“Depression’s no sin, but it will knock you further down than any sin ever could” – Chassidic saying

So you’re feeling depressed…but which kind? The depressions most of us commonly encounter in life fall into three categories, each with a different treatment approach: Outta My Control; In My Control; and Me.

Outta My Control
In His Torah (the written expression of G-d’s wisdom and will for the universe He created) G-d laid out the terms: “I got it all covered except your Awe of Heaven (Yirat Shamayim).” In other words, we are in control of ourselves – thoughts, words, and actions – and the rest is in His capable hands: livelihood, family and friends, opportunities, etc.

What happens if we don’t listen and instead allow our focus to drift into G-d’s business? Depression. Are you spending a lot of time wishing that people in your life were different; that your job, co-workers, or boss were different; or that your opportunities and experiences in life were different? Oops…that’s not our control. Keep up the illusion of control and you’re headed to depression.

Treatment: contemplation of the fact (seen in one’s present and especially past life events) that great good always lies in the challenges and struggles, and that all that G-d does is good (a fact which He promised).

In My Control
This depression comes from focusing on ourselves and what’s in our control. When we make an accounting of who we are and where we are holding, we might feel angry, disappointed, or down over what we see: poor behavior, lack of accomplishment, failures, personal weakness, bad character traits.

Treatment: Not as simple as the treatment for the first depression, in fact, it only can and should be treated at certain time or times in the week we set aside for personal accounting and review. Otherwise, too much focus on what we need to fix can, itself, bring us down. Besides, the overarching principle in all we do is “to serve G-d with joy.” Allowing thoughts about this to have space in our minds at times we didn’t designate can bring us way down. Be the boss and tell them to go away until your weekly time for personal review. And then, when done, it’s not for the purpose of self-abuse, but rather to spring us forward to more, to inspire us to do even better and reach even higher because we’re unhappy where we are holding and know we can improve. In other words, a controlled depression that you unleash and you lock up. No sudden overwhelming stuff.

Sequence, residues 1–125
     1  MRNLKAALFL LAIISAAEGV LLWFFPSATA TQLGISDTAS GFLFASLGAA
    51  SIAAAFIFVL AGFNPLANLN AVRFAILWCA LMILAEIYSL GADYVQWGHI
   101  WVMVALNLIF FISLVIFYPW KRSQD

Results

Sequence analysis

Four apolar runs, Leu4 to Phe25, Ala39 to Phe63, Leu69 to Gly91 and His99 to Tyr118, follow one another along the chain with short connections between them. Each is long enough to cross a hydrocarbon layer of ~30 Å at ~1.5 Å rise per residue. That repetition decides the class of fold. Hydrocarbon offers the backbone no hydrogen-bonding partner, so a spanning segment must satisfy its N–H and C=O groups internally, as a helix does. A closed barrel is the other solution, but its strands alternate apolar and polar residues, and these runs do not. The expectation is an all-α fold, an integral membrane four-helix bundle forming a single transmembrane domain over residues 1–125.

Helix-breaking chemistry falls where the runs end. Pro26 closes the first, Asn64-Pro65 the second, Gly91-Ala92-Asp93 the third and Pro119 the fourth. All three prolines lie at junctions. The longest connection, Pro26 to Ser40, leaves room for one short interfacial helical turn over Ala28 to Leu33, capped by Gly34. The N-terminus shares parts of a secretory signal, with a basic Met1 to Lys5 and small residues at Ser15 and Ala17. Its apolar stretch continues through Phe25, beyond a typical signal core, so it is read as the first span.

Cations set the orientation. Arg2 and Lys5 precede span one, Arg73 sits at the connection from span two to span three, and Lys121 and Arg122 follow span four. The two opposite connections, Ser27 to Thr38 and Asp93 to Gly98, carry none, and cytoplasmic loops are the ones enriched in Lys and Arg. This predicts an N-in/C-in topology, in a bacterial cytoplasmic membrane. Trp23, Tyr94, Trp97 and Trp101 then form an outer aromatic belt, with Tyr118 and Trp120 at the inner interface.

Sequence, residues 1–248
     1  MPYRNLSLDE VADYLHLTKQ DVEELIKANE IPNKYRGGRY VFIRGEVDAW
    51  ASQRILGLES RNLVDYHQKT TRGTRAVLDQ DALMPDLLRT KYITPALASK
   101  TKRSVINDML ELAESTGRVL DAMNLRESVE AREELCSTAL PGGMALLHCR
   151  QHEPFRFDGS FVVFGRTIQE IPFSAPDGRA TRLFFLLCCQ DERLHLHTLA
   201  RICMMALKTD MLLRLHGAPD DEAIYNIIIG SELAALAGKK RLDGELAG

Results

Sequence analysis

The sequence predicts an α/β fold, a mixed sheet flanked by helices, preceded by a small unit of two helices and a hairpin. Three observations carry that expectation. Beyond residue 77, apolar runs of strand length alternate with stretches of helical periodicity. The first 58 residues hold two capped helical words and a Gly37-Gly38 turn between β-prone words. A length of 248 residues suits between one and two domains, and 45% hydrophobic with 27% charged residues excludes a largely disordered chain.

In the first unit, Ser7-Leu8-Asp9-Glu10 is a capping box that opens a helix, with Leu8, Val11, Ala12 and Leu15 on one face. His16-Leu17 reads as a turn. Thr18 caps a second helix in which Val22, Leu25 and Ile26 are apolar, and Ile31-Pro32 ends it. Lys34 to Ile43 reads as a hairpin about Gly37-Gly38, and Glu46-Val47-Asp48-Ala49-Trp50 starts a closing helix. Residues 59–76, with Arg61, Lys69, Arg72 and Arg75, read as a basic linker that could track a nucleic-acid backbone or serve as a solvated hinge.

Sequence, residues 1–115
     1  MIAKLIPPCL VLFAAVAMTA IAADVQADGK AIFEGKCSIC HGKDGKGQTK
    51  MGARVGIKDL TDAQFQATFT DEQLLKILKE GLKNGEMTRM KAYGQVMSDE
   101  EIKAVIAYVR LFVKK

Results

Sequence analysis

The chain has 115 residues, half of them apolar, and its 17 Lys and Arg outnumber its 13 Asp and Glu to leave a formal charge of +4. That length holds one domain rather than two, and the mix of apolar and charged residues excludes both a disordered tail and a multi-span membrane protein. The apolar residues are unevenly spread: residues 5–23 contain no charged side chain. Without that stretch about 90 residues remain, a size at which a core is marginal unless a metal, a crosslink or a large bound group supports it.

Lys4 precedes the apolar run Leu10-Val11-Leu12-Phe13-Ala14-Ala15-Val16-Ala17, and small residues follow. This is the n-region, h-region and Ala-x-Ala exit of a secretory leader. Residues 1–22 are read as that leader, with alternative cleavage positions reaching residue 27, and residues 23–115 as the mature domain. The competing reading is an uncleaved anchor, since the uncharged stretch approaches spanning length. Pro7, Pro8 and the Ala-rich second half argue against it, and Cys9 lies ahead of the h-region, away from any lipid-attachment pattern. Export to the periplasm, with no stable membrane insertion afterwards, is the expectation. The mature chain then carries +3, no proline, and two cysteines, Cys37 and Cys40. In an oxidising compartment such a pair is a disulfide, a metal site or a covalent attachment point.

The third depression is our primary problem in life: depression over the never-ending battle and struggle with our drives and yetzer hara (selfish/evil inclination). Though we work hard in our relationship with G-d (Avodat Hashem) and in improving ourselves, even seeing growth, improvement, and progress, nevertheless, we look over our shoulder and see that our animalistic selves are also pumping up and remain just a step behind. Makes us want to give up! After all, we give it our best shot and our selfish, petty, shortsighted, never-happy version of ourselves is still there staring back at us and getting in the way of everything.

Treatment: Change our expectations. Give it up, let go, and stop thinking it will be different. This “me” will always be with us. In the future times of redemption we will fully and only be the G-dly within ourselves, but until then there’s a struggle to be waged with full force, one minute, hour, day, week, month, and year at a time, and over and over again. Sounds bad, but realize for a second Who set this up: G-d Himself. This is how He wanted it to be, and in fact (we’re told) that He enjoys the effort greater than the deeds of the totally righteous who have already vanquished this part of themselves (by the way, they are few and far between).

In that case, the problem is not who or what we are, but rather thinking we are supposed to work or be in a different way. What do you think happens when we set for ourselves an impossible goal and then, naturally, fail to achieve it? Depression.